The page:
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Please Prove Me Wrong - Elizabeth Unexplained
Lots of data but no answers
Please Prove Me Wrong
Thanksgiving brought with it a timely example of how living with Warren has ruined me for talking to almost anyone else. I remember an argument where Warren once stated that when he had an argument with someone he wanted to be proved wrong. I immediately pounced on that because I didn’t believe it. Who would want to be wrong? Doesn’t everyone want to be right? Warren then explained that if he is wrong he wants someone to prove it to him so that he can change his mind and be right. If someone proves him wrong, then he gets to learn something. This made utterly too much sense to me, and thus began my increasing frustration with talking to most other people.

The Thanksgiving example of frustrating conversation took place between Warren, George (Warren’s brother), and George’s father-in-law, with some small contributions from me. The topic was the proposed bailout of the big three US auto makers. George’s FIL thinks bailing out the big three is necessary and the rest of us think it’s a terrible idea. What was frustrating was not that George’s FIL disagreed with my position, it was that he would not back his own up in anything that resembled a logical, factual manner. He didn't offer any facts at all to back up his position and when I asked for examples to back up a point he ignored me. When Warren and George brought up facts that supported their position he countered with statements that did not follow logically at all, as if he were trying to change the sub-topic. He seemed to think that if he just restated enough sound bites he would win the argument and he did not seem interested in exploring the facts that we were presenting in support of our opinion. I've tried to reproduce a sample of the conversation, but I can't really do it justice because when recalling it from memory my mind wants to impose more logical order on his responses than there was.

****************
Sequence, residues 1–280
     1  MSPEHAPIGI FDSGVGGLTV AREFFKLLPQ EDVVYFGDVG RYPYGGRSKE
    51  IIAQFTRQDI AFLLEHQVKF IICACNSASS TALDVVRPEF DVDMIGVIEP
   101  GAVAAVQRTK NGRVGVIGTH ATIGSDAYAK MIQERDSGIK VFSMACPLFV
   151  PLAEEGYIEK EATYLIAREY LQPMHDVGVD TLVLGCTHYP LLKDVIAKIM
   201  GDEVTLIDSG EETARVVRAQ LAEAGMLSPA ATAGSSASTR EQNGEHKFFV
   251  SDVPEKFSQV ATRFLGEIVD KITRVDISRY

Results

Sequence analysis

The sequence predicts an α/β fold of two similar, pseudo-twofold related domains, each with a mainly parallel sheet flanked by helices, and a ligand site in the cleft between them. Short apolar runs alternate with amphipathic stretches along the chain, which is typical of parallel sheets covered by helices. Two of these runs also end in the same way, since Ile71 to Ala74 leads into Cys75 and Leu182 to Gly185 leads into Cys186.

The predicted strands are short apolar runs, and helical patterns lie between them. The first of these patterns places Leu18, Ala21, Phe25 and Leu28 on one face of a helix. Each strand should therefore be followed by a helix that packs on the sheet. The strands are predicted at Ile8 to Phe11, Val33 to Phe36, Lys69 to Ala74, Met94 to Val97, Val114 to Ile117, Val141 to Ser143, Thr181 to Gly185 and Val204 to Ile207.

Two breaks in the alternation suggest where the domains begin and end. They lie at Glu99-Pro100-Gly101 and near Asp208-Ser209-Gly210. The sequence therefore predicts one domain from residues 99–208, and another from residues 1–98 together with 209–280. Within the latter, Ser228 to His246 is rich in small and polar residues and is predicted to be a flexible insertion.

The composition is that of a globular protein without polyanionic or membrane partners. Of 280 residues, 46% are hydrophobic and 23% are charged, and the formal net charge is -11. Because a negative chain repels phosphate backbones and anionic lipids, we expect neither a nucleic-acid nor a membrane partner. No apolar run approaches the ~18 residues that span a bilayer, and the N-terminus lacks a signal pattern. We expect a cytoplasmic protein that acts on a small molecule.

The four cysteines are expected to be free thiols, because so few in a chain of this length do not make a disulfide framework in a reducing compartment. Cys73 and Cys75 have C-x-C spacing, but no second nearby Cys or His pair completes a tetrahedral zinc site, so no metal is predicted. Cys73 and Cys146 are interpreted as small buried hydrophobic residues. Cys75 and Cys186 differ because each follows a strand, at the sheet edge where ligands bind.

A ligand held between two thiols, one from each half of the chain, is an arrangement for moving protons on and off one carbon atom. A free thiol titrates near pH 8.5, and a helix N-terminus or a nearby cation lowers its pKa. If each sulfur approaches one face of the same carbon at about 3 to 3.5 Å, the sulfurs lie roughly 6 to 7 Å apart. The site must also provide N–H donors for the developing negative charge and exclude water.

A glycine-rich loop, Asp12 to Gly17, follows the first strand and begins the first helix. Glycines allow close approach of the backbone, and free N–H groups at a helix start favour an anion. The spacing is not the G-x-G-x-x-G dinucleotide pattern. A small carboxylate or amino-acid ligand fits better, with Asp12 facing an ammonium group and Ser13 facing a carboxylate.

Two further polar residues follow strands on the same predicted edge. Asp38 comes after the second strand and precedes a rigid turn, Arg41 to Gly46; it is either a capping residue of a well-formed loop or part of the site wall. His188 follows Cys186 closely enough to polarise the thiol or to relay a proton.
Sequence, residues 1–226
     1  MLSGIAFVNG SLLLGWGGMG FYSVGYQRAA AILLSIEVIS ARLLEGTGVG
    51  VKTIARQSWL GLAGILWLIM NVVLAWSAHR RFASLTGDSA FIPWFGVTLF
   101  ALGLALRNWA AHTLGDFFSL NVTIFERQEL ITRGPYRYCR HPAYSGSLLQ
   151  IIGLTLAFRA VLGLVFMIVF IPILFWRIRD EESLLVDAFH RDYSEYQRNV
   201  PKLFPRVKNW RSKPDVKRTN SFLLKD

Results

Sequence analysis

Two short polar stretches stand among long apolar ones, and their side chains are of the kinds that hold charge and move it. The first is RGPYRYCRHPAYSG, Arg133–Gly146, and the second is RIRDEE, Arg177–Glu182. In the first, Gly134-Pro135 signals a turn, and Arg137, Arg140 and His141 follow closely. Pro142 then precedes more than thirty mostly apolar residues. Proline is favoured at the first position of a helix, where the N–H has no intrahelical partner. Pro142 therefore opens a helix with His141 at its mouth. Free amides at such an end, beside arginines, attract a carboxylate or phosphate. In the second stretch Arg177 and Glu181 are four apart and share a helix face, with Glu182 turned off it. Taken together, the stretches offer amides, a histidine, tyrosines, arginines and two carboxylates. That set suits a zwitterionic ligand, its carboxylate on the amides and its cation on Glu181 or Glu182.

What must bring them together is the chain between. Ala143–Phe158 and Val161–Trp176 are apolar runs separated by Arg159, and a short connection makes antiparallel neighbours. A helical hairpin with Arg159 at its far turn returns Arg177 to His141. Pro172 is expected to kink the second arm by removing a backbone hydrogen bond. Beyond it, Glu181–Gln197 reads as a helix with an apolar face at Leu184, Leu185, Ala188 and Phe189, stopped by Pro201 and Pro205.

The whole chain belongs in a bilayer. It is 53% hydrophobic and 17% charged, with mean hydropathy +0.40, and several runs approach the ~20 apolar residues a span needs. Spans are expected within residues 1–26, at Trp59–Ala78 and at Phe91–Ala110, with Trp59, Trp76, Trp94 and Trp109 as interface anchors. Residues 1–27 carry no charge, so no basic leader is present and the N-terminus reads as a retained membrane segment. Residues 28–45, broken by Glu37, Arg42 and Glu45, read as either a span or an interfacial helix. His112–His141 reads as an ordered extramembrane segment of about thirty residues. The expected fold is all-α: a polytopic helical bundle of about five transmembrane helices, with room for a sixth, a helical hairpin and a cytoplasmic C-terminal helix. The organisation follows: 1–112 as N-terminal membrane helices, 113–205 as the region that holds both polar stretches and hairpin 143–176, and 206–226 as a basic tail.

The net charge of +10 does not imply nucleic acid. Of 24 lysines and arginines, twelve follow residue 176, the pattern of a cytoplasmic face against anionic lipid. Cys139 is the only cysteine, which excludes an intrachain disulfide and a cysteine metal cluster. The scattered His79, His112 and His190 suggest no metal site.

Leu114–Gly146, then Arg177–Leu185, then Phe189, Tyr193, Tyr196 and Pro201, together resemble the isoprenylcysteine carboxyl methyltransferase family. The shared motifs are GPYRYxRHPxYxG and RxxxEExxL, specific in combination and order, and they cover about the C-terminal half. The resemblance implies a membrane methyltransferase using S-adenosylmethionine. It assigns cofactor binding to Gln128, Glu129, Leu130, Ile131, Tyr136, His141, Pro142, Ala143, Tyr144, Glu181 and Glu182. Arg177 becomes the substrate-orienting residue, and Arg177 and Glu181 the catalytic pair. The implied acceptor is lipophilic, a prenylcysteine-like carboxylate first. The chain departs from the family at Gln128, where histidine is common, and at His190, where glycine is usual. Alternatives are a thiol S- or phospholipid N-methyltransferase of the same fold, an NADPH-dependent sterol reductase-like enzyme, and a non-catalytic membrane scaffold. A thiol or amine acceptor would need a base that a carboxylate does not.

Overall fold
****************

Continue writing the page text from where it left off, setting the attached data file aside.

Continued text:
I have been noticing this sort of thing more and more. Generally I encounter somewhat more subtle versions of this, mostly because I generally encounter somewhat smarter people. Even so, it bugs me. I really would like to talk to people and figure stuff out by arguing points with them, but very few people seem to actually do that any more. People don’t seem to talk about things like this with an open mind. By an open mind, I mean actually being open to the idea that you might be wrong. Mostly people nowadays seem to say they are ‘open minded’, but they seem to think that means not saying anything that might contradict the other person or hurt their feelings. That’s not what I think being open minded means. I would like it if someone contradicted me if they could back it up with facts or logic. Even if I disagree on what the facts mean, I have more respect for someone who presents a factual argument than someone who just blindly asserts their position or changes the subject, and if someone does present a factual argument I might just change my mind, and if that happened I would be more likely to be right about more things rather than just thinking I am right.